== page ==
FARMINGTON – The Foster Career and Technical Education Center has entered into an agreement with the town of Chesterville to provide zero-cost forest management services to a large lot of town property.
The contract ensures that any money for stumpage will be remitted to the town, but it also provides significant learning opportunities for students. The forestry department has worked with many towns in Franklin county, but never on quite so large a scale.
“We’ve been doing it for quite a few years; we’ve had different projects: like in Strong, we were at the Lance Ball park—we did some work there—we did some work for Farmington on the Whittier road—there was a lot of erosion, so we were helping with erosion control putting in vegetation and trees,” Rodney Spiller of the forestry department said. “The good thing about it, when we do have a contract, the kids understand that in the field this is something they’re going to have to learn, so it does make it nice to be able to go over that with the kids.”
They typically take care of the 300 acres of school land to practice management skills and silviculture. This semester Spiller and his co-teacher, Brenda Medcoff, have worked with Chesterville to help with overgrowth on some of the roads, which is how this opportunity came about.
“They said we have a couple lots that haven’t been touched in a while and they’d like us to take a look at it. So we stopped by with one of the selectmen and we talked about perhaps having that as a place that we could teach the kids from stump to product,” Spiller said.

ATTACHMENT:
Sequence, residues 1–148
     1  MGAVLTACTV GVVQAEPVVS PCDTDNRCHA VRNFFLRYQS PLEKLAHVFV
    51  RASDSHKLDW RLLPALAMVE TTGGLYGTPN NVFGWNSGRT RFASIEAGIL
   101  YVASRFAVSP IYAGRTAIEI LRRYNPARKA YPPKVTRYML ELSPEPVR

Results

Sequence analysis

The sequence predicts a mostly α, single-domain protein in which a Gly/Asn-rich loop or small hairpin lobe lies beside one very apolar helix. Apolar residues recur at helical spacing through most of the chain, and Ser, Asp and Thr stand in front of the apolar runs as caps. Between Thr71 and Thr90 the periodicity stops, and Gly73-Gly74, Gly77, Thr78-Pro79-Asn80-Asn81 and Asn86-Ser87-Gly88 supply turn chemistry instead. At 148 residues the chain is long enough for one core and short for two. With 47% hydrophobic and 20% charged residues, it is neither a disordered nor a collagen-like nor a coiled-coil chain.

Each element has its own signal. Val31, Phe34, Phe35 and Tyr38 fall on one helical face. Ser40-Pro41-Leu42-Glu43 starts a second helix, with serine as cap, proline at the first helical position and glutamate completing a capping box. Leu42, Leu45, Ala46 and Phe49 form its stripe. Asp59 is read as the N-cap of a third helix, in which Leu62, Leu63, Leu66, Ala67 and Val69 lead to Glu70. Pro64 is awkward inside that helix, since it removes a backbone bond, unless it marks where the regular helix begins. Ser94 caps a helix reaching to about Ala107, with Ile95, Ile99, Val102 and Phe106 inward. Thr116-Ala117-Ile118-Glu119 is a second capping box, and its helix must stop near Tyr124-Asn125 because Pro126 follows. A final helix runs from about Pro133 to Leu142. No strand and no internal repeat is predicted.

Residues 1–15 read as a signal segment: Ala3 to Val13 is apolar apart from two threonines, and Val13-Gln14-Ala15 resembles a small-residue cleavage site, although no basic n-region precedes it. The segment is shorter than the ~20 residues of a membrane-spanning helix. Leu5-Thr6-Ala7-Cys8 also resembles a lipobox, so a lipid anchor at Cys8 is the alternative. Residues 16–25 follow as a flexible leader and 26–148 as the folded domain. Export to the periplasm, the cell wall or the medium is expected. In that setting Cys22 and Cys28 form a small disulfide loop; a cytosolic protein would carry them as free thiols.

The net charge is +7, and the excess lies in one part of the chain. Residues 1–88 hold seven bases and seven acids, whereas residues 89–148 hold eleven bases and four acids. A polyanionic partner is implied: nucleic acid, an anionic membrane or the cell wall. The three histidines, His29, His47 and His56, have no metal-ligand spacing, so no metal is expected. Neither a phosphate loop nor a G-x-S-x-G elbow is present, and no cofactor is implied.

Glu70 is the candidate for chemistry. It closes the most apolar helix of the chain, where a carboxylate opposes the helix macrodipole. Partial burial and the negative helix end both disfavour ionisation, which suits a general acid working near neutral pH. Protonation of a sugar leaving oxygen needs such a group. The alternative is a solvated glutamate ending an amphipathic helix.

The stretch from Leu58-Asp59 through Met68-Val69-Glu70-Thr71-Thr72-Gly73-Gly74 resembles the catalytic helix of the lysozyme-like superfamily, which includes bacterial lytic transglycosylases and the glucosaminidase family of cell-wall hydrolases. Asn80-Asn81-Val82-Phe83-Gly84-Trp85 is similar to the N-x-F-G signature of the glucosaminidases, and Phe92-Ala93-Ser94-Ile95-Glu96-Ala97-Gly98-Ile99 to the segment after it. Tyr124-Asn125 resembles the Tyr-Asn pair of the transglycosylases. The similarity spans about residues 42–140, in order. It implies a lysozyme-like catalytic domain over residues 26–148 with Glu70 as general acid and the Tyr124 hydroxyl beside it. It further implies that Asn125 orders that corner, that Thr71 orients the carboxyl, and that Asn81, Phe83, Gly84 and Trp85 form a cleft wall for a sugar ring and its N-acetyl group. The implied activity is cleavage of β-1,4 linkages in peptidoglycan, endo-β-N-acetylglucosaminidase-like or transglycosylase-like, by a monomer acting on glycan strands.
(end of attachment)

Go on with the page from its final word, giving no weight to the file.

Part of the excitement about this project is not only teaching students about contracts and management, but also that the plot of land is large enough for the students to learn about, write and enact their own plans and further their experience with these practices. They’ll also be able to use and gain experience with much of the equipment that’s been acquired by the forestry department. Both teachers are excited.
“It’ll be kind-of cool because they’re going to be included to write the contract and walk the property to make sure they know the borderlines and species of trees, and what the priority will be in each section,” Spiller said.
“It’ll actually give us a chance to show them different techniques based on objectives,” Medcoff said. “Like, what are you going to take if your goal and objective is to encourage wildlife versus trying to get a certain type of stand to grow…there’s a lot of opportunity there that we don’t normally get.”
Because of the restrictions of the pandemic, the enrollment in the forestry department has been low and the topic itself has not been easy to teach in the classroom; Spiller stated that it’s hard to teach a student who has never touched a chainsaw how to use one from a distance and standards were difficult to meet as a result. But they’re hopeful that with the lifting of restrictions and the appeal of such a big learning opportunity, their numbers will come back up.
“They basically weren’t able to get a lot of certifications because they couldn’t get the hours in…it’s kind of hard to teach that way,” Medcoff said.
Both teachers are also hopeful that this will provide graduating students with more opportunities for direct employment.